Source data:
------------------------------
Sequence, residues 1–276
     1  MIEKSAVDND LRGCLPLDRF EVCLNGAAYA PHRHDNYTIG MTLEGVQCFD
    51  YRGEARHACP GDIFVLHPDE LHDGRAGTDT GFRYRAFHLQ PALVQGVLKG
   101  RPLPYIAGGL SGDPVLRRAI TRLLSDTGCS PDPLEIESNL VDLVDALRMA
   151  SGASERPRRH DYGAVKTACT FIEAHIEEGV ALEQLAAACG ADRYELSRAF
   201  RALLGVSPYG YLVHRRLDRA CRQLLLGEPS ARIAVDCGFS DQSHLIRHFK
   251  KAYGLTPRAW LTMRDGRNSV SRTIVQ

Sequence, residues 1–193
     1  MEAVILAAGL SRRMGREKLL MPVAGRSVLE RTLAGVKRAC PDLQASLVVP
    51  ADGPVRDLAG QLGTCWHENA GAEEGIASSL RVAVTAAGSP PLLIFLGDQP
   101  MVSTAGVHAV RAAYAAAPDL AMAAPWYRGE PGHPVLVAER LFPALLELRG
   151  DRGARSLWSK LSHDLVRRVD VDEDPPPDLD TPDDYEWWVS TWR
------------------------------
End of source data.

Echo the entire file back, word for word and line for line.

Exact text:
Sequence, residues 1–276
     1  MIEKSAVDND LRGCLPLDRF EVCLNGAAYA PHRHDNYTIG MTLEGVQCFD
    51  YRGEARHACP GDIFVLHPDE LHDGRAGTDT GFRYRAFHLQ PALVQGVLKG
   101  RPLPYIAGGL SGDPVLRRAI TRLLSDTGCS PDPLEIESNL VDLVDALRMA
   151  SGASERPRRH DYGAVKTACT FIEAHIEEGV ALEQLAAACG ADRYELSRAF
   201  RALLGVSPYG YLVHRRLDRA CRQLLLGEPS ARIAVDCGFS DQSHLIRHFK
   251  KAYGLTPRAW LTMRDGRNSV SRTIVQ

Sequence, residues 1–193
     1  MEAVILAAGL SRRMGREKLL MPVAGRSVLE RTLAGVKRAC PDLQASLVVP
    51  ADGPVRDLAG QLGTCWHENA GAEEGIASSL RVAVTAAGSP PLLIFLGDQP
   101  MVSTAGVHAV RAAYAAAPDL AMAAPWYRGE PGHPVLVAER LFPALLELRG
   151  DRGARSLWSK LSHDLVRRVD VDEDPPPDLD TPDDYEWWVS TWR